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Old 09-27-2008
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Sirius 28 information? Anyone?

I'm in the process of researching and choosing my first sailboat. I'm on Lake Ontario and have time off each summer for extensive cruising (Where to? Could be anywhere). I want the boat to sail well - first and foremost it's a boat - and if it was bluewater capable then all then better (dreaming...), and I might also live aboard (I'm a bit of a minimalist so a large boat isn't essential for that).

I've considered many boats including the Grampian 26, Albin Vega 27, Tartan 30 and others, but the Sirius 28 keeps coming to my attention. The problem is that I can find very very little information on the Sirius 28. From a distnace it appears to be comparable to the Tartan 30, but I don't really know because I can't find much information on the Sirius 28.

Does anyone have information about the Sirius 28? Sirius in general?

Thank you.

Kevin MacTavish
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Old 09-27-2008
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Sirius 28: Vandestadt and McGruer Ltd. of Owen Sound



Specifications:
LOA - 28 ft
Waterline - 24 ft
Beam - 9 ft 8 in.
Draft - fin keel, 4 ft 4 in.; winged keel, 3 ft 6 in.
Displacement - 6,700 lbs
Ballast 2,600 lbs Sail area (main & 110%) - 410 sq ft

Engine(s): Yanmar Engine(s) HP: 9 or16 Engine Model: IGM or 2GM

Fuel: 19 Gallons Water: 24 Gallons

Manufacture:
Vandestadt – McGruer, Ltd. (519) 372-9767
Box 7 (519) 371-3999
Owen Sound
Ontario, Canada NYK5P1

Sirius sailboats (21’ 22’ & 28’) were manufactured in Canada during the early to mid 1980s.

This Article below was featured in Canadian Yachting, June 1986.



Sirius 28
Good breeding and "modern conservative" thinking produce a reliable , appealing cruiser
By Paul Howard

If the Sirius 28 was a racehorse, it would be described as having good breeding. Its designer, Hubert Van de stadt, has in his stable the smaller Sirius 22, a restyling of his Sirius 21, which has proven to be a tough, able, small cruiser. This talent for design runs in the family. Hubert is the nephew of the well-known European designer E. G. Van de Stadt, who has a long and impressive list of outstanding designs, including the lines of the famous 72-foot South African ketch Stormvogel.



The Sirius 28's builders also inspire confidence. Vandestadt and McGruer Ltd. of Owen Sound ahs been building boats since the mid-'60s and in spite of such setbacks as major fire and a long industry recession, it has managed to survive and grow.
With this kind of bloodline, the Sirius 28 is creating more than a passing interest. The first boat was launched in August, 1982, and as of March 1986, the company had orders booked through to hull 90.



A 'modern-conservative' design
The design is "modern conservative." The "modern" comes from the systems that make sail handling more efficient. Inboard shrouds, inboard sheeting, slab reefing with internal lines, sheet stoppers and internal pre-stretched rope halyards led back to the cockpit are examples of the designer's solution to the problem of simple, efficient sailing.
The long waterline, fin keel, spade rudder and sharp entry are becoming standards in yacht design. The four-foot, four-inch fin on the Sirius 28 is a lead keel of 2,600 pounds. This gives her a ballast: displacement ratio of almost 40 per cent. Combine this with a beam of nine feet, eight inches, which is carried well aft into the quarter, and you have a hull that is able to stand up to her sail area of 410 square feet.
Vandestadt and McGruer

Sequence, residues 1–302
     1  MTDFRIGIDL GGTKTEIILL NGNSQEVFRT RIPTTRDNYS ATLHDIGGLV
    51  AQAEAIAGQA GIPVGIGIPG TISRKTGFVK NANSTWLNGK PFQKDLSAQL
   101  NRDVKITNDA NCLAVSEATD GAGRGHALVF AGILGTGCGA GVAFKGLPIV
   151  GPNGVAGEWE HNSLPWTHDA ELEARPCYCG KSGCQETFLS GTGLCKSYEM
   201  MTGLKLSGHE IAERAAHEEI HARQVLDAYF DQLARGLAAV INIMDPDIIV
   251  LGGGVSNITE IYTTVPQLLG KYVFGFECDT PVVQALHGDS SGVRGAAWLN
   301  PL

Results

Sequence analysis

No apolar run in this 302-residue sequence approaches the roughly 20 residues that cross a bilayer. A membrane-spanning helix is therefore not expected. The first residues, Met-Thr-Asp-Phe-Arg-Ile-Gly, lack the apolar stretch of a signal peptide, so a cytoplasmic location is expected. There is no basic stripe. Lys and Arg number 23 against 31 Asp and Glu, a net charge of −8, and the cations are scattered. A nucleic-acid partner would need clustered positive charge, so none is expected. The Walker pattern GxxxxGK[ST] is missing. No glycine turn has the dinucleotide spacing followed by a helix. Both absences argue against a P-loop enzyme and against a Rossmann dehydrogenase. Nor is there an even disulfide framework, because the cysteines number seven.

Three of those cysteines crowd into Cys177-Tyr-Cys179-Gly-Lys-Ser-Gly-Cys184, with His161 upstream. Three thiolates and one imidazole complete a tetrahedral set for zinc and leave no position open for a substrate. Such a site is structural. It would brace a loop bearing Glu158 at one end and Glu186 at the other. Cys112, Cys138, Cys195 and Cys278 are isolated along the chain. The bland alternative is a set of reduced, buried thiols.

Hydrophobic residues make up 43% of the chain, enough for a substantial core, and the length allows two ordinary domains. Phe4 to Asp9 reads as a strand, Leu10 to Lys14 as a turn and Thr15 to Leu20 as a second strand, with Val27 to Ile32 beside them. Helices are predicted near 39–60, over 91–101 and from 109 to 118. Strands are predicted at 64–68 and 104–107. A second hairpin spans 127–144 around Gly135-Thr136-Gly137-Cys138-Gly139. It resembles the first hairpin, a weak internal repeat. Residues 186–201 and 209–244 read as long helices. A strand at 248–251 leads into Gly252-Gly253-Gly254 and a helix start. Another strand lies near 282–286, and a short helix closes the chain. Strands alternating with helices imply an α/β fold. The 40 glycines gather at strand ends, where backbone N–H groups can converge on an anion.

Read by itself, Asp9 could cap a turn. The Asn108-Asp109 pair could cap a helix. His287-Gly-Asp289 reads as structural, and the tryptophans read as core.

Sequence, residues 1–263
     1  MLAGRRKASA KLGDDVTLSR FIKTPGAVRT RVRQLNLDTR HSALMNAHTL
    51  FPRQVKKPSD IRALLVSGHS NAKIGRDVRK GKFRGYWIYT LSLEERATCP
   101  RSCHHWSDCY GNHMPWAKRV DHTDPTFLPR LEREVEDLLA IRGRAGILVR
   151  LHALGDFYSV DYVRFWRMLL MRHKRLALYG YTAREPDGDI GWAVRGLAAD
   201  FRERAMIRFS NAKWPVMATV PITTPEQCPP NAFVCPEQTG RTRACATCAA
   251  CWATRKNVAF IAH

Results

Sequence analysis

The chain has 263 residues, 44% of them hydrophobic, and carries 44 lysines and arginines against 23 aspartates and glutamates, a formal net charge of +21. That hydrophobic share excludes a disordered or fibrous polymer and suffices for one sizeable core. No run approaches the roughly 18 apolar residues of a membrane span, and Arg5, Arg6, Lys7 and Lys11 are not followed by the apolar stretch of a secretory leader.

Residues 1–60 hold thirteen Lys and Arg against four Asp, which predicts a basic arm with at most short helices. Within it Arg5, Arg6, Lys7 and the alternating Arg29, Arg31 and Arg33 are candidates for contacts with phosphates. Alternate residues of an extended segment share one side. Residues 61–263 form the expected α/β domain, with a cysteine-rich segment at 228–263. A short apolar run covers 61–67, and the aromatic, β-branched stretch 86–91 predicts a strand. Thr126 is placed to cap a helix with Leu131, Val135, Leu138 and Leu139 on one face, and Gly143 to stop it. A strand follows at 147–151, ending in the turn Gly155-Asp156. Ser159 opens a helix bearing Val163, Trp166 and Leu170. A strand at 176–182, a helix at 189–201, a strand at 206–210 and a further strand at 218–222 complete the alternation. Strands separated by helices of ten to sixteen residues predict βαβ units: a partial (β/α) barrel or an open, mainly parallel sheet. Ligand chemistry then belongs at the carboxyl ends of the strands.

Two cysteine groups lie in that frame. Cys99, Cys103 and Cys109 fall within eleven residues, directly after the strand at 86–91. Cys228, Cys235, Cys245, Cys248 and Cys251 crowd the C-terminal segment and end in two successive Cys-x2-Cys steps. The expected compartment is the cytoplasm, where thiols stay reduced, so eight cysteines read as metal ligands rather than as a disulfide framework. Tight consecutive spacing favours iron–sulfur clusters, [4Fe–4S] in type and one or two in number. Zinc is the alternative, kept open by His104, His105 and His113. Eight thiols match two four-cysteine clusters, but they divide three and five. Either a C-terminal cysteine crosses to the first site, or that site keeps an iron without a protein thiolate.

In their desire to expand the boat's market into some areas on Long Island Sound where the water is particularly shallow, Vandestadt and McGruer is attempting to decrease the draft without hurting sailing capabilities. To this end they had John Hemingway design a winged keel for it. Hemingway has been involved in keel research and design for the True North America's Cup effort. The winged keel has the same displacement and center of effort as the fin. The idea is not to improve sailing ability, which is fine, but to decrease draft to 3 1/2 feet while maintaining performance.



The masthead single-spreader rig supports a Cinkel deck-stepped mast. Single lowers are helped out by a baby stay or jack stay to prevent mast pumping. The chainplates are inboard, which allows inboard sheeting of the headsail. This will help the 28 get weather efficiently. An outboard chainplates also make movement fore and aft much easier. It's not necessary to duck under the lowers on your way up to the sharp end.
The boom is controlled by a traveler running the width of the cockpit just forward of the wheel. This provides an excellent sheeting angle, making mainsail trim easy and efficient.
The self-bailing cockpit has no bridge deck but a high sill will prevent any water getting below in the event that a sea sneaks aboard. High coamings, two large lockers and excellent visibility forward make the cockpit an enjoyable spot.
It is long enough to let you sleep out in nice weather and the boom comes far enough aft to rig a simple boom tent or sun awning without the topping list splitting it in half.



Test sail
Well, now that we know the deck layout, let's go for a sail. Close-hauled, the wind puffed up to about eight or nine knots apparent. In this light stuff and a smooth sea, the boat slips along with very little fuss and its efficient high-aspect rudder provides good control even when drifting. Under these conditions, the Sirius 28 is very close-winded, tracks well and accelerates nicely in and out of the puffs. Even downwind it ghosts along under a main and number-one Genoa, leaving hardly a ripple in its wake.
While we are not too busy, let's look at the rail stanchions. The base and stanchion are one-piece assemblies. This produces a strong fitting as do the bow and stern pulpits of one-inch welded tube. They are through-bolted to solid glass areas in the foam-cored deck. Standard double lifelines enclose the deck. A stainless steel boarding ladder built into the stern pulpit completes the deck details. Teak treads on the ladder would be kinder on bare feet than the stainless tubes.



The molded toe rail on the deck edge is fairly small in section. When the rail is buried and the spray is flying, I wonder if the toe rail would provide a sufficient toe hold. It seems to me it would be pretty slippery. A bow roller and self-bailing anchor locker make easy work of retrieving and stowing the anchor and rode.
Down under



Well, we've sailed into a hole, so let's go below and snoop around. Opening ports-eight standard opening ports! Once you have cruised on a boat in the tropics, you will never sail without them. The cross-ventilation they produce can make the difference between roasting and rapture.